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Keys, Hammers, & Pipes

Bringing an organized piano back to life

December 10, 2014

The Wind-Chest Before Treatment

By John Watson

The wind-chest sits on top of the chassis just behind the upright grand piano. The organ’s pipes and outer casework are removed.

We’re back after some re-organization of the blog.

The series of posts by guest writer Jenna Simpson have been moved to the “History” page at the link above. Jenna details the …

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August 7, 2014

Pipes are Straightened

Reshaping

By John Watson

Before treatment, the pipes were bent, torn, and twisted.

The badly twisted, torn and mangled pipes are among the more daunting problems to be solved in the treatment of the “Tucker” organized upright grand piano. A conventional approach to restoration would probably involve replacing them with new ones. Some restorers have even melted …

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July 15, 2014

The Pipe Treatment Begins

Lou Dolive inventories the pipes

By John Watson

Lou Dolive inventories the pipes

The first step: Inventory the pipes and determine what is missing. For this, we turned to veteran organ-pipe maker Louis Dolive.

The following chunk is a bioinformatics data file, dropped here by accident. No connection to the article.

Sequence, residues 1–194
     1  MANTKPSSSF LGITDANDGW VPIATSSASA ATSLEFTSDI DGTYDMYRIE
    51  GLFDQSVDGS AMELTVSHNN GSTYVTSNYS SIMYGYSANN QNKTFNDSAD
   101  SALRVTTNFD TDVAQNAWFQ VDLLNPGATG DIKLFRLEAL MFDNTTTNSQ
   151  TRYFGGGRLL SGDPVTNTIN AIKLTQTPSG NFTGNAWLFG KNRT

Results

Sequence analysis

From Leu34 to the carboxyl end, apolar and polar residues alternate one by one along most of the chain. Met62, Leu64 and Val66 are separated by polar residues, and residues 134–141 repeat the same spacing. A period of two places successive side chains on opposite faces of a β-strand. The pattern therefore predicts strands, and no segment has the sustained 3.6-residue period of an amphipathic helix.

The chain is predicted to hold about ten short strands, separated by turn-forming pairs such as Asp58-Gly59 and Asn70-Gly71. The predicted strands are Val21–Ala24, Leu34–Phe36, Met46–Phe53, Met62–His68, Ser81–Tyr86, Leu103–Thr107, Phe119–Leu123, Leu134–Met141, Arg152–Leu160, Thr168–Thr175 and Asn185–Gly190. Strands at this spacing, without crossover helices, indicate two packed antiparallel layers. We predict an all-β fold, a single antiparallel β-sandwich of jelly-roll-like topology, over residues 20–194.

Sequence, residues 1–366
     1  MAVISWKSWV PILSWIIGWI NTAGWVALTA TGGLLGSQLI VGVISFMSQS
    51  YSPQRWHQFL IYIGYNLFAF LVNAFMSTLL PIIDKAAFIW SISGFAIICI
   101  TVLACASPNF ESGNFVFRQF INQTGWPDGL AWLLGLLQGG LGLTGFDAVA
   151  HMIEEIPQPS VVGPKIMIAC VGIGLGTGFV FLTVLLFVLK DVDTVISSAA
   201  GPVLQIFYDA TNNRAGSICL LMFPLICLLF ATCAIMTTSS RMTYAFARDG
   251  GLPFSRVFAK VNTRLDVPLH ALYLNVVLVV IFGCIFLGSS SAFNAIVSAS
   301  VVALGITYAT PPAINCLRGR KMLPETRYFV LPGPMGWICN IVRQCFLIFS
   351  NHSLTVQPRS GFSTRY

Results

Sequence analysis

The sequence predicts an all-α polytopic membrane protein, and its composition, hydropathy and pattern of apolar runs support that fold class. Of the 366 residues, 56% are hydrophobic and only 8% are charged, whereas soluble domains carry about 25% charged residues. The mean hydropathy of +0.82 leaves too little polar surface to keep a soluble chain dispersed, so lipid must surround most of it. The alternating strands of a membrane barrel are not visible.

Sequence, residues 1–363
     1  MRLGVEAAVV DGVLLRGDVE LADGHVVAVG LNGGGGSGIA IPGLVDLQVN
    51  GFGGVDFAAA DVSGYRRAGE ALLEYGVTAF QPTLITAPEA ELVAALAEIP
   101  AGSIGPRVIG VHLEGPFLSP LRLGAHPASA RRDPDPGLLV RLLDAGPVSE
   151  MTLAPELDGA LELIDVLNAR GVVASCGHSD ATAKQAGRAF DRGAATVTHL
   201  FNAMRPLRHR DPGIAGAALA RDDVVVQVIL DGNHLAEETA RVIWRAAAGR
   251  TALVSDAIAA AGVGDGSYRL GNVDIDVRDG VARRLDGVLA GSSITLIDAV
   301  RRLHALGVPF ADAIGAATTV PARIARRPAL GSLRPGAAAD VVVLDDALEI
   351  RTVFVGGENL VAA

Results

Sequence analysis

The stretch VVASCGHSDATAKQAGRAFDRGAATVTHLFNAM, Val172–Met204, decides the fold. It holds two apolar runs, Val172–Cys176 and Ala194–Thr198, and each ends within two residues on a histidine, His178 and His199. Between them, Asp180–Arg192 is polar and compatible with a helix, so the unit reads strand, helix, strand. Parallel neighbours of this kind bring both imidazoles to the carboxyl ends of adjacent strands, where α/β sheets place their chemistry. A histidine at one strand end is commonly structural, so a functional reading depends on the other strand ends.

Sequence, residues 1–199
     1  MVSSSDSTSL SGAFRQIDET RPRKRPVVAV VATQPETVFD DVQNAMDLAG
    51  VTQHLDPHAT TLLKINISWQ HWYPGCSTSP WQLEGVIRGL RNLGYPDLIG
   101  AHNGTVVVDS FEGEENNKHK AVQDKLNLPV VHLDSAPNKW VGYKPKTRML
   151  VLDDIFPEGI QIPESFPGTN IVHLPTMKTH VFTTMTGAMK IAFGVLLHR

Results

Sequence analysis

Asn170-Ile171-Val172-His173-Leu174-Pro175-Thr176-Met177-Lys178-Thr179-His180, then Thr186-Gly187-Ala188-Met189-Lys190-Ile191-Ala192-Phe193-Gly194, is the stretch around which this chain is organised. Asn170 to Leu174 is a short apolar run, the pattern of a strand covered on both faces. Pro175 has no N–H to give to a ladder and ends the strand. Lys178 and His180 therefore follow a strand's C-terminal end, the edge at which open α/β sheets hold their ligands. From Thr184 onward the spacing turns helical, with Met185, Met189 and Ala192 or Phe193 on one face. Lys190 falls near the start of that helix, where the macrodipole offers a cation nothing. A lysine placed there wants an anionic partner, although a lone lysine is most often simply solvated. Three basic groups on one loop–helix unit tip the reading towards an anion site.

Lou unfolded the pipes enough to line them up and take stock. Sixty-five metal pipes were missing entirely. At first, it appeared touch-and-go whether we would be …

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June 22, 2014

A Conservation Pipeline

Mangled pipes before conservation

By John Watson

Restorative conservation of the Tucker instrument will begin with one of our more daunting challenges: to straighten the severely damaged metal pipes. While the wood pipes survived in relatively good condition, the metal ones were hardly recognizable as organ pipes. All were crushed and folded so even the longest pipe could fit in a …

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June 2, 2014

Another Organized Piano?

By John Watson

The Rolfe-Sellers organized square piano. The organ occupies the space below the piano and is surrounded by panels of cloth and gilded pipes.

Our good friend and colleague in South Carolina, Tom Strange, recently sent an email with a startling offer.

An organized square piano had turned up in an …

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May 6, 2014

Staring down a paradox

By John Watson

In the first installment of this blog, I claimed that restoration is a paradox. A paradox is a contradiction, both sides of which are true.

If we value an object because it is historic, but then replace parts, refinish surfaces and make other radical changes in the name of restoration, is it still the …

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